As he prepares to leave Nokia for Microsoft, outgoing CEO Stephen Elop’s $28 million golden parachute—triggered by the sale of most of the company to Microsoft—is all the rage in Finland. Literally: The prime minister says the sum is “outrageous,” while the finance minister fears it will disrupt “social harmony.”
The payout, which is more than quadruple Elop’s annual pay last year, is a hard pill to swallow for egalitarian-minded Finland, where wage hikes tend to be regulated in national agreements between trade unions and employers.
Here are the three main missteps that got Nokia into trouble:
- Nokia’s lawyers were sloppy with Elop’s contract. Elop arrived at Nokia from Microsoft, becoming the first non-Finnish chief executive in 2010. His contract included a “change of control” clause that is typical for US CEOs, where take-overs are more common, than in Europe or Asia. These clauses typically have a “double trigger,” according to Stanford Business School professor David Larcker, that goes into effect if the company is taken over and if the executive’s job is terminated or his duties are changed. The fact that this clause went into effect when only part of the company was sold, and with Elop voluntarily stepping down to join Microsoft (where he is in the running to become the company’s chief executive) suggests these two trigger clauses might have been poorly written if they were intended to align Elop’s financial incentives with the company’s shareholders.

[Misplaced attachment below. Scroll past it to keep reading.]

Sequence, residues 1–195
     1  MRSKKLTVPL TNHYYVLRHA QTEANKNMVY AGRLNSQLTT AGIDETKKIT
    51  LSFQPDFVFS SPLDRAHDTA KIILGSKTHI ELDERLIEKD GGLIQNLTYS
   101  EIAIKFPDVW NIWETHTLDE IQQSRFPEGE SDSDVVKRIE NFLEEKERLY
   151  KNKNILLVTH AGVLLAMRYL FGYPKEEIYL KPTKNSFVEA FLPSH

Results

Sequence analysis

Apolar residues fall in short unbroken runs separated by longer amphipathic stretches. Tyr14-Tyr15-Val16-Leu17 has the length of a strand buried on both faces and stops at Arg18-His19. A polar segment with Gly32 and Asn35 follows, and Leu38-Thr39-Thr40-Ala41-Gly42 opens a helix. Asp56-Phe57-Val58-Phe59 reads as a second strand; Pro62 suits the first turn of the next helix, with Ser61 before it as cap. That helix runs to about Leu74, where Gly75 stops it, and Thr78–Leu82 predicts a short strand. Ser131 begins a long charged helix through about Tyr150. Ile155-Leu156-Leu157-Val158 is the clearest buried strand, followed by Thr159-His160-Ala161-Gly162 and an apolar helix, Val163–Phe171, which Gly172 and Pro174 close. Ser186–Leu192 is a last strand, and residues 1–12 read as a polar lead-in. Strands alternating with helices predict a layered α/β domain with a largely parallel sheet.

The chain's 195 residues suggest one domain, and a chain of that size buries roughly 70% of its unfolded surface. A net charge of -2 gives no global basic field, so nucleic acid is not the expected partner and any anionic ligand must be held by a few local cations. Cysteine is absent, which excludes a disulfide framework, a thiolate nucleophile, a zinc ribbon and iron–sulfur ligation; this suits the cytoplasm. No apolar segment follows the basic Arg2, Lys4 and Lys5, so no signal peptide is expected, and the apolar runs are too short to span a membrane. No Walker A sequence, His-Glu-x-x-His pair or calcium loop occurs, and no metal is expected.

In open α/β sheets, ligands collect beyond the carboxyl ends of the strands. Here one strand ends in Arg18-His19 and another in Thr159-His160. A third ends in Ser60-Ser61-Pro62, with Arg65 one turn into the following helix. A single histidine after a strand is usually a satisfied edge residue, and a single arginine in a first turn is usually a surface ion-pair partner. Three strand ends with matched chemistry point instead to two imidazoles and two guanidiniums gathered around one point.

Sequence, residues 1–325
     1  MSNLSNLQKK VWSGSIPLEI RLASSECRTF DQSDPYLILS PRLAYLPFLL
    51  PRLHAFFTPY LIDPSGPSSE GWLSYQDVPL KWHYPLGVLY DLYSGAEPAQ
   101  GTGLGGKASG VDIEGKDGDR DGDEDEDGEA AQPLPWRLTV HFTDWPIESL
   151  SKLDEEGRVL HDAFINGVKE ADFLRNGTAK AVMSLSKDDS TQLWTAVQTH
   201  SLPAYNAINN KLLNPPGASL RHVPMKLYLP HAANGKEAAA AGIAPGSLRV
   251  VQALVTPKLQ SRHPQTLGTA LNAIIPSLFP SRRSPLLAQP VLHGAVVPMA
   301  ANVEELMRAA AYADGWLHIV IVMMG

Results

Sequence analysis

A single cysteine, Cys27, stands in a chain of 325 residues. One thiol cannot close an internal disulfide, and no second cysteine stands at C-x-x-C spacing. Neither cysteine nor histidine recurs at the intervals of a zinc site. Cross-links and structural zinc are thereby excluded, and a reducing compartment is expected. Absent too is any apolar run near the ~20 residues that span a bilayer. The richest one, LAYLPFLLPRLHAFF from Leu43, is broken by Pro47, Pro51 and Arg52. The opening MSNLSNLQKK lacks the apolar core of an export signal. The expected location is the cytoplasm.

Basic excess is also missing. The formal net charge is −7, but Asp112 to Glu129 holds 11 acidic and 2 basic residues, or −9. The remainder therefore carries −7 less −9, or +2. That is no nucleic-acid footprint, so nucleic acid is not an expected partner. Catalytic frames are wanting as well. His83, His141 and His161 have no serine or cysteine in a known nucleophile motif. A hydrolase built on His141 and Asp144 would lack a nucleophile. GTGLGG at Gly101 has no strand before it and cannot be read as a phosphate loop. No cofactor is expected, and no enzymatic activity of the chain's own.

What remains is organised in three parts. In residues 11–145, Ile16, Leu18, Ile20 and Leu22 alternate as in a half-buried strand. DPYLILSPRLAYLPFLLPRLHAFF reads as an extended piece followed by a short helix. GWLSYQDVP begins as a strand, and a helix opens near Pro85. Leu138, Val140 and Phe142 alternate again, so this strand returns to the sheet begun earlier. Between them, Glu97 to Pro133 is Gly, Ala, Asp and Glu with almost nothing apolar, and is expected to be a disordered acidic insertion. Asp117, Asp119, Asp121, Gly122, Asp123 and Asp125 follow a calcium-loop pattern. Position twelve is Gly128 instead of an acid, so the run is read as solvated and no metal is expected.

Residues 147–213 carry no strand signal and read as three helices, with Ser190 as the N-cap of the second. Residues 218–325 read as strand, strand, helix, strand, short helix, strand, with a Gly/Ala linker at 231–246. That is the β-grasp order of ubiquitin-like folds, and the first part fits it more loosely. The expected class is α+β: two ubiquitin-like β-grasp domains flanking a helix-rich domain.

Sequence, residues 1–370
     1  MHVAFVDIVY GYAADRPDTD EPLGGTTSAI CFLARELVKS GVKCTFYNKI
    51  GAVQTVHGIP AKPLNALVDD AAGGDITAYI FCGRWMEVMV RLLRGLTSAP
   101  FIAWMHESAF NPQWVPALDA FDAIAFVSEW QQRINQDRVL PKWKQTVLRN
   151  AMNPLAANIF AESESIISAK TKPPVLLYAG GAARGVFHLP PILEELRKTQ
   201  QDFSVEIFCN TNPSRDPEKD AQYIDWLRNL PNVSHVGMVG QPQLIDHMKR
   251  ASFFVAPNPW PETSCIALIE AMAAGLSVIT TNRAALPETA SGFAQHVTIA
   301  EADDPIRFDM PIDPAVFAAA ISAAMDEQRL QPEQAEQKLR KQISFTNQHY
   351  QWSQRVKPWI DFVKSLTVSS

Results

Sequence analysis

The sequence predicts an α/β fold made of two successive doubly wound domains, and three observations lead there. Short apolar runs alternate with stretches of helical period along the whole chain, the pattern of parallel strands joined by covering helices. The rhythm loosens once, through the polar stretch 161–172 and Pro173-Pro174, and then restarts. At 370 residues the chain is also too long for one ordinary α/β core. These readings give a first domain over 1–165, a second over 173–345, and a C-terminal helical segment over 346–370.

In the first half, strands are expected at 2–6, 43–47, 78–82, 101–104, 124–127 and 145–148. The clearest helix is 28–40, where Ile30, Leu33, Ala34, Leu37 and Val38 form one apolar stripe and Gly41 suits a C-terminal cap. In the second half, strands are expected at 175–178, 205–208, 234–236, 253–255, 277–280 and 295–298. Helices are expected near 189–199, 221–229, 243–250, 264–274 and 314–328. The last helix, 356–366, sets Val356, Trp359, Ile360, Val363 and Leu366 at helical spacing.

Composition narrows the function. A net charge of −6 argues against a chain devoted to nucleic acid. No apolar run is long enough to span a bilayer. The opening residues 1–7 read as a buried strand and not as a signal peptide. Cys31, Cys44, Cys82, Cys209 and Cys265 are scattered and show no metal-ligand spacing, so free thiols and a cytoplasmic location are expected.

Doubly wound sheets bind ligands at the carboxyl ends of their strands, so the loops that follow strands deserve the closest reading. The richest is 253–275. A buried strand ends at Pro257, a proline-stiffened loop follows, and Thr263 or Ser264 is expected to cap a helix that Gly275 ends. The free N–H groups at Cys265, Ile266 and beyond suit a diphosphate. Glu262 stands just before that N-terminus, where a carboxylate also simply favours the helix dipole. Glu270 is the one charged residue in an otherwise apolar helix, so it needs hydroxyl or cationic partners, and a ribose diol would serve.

- Nokia didn’t dispel rumors about Elop being a mole. It’s surprising that Nokia would have been lax with Elop’s contract, considering that rumors had been circulating since Elop’s arrival at Nokia about him being a “Microsoft” mole who intended to subvert Nokia. It’s hard to believe that the company’s board didn’t anticipate those concerns, and Nokia’s poor performance under Elop—who, in fairness, was dealt a tough hand—didn’t dispel them. Nor did his decision to adopt Microsoft’s mobile operating system.
- The public relations were badly managed. The situation became worse after the company’s chairman initially told reporters that Elop’s pay package was the same as his predecessors before explaining that it was much about €14.6 million ($23.6 million) more generous due to the accelerated vesting of stock options, adding to public suspicions of foul play. When Elop was asked to voluntarily surrender some of the payments, he cited his on-going divorce—which commits half of his assets to his wife—as an excuse.
As far as Nokia shareholders are concerned, it’s not a huge loss: They are still getting €5.44 billion for the company, so Elop’s severance package should have a limited financial impact, not to mention that Microsoft is paying about 70% of it. The controversy here is more about the process by which Finland’s flagship company was sold and the country’s skepticism about disproportionately high pay to executives. That would change in the unlikely event that the golden parachute leads shareholders to veto management’s decision to sell the company.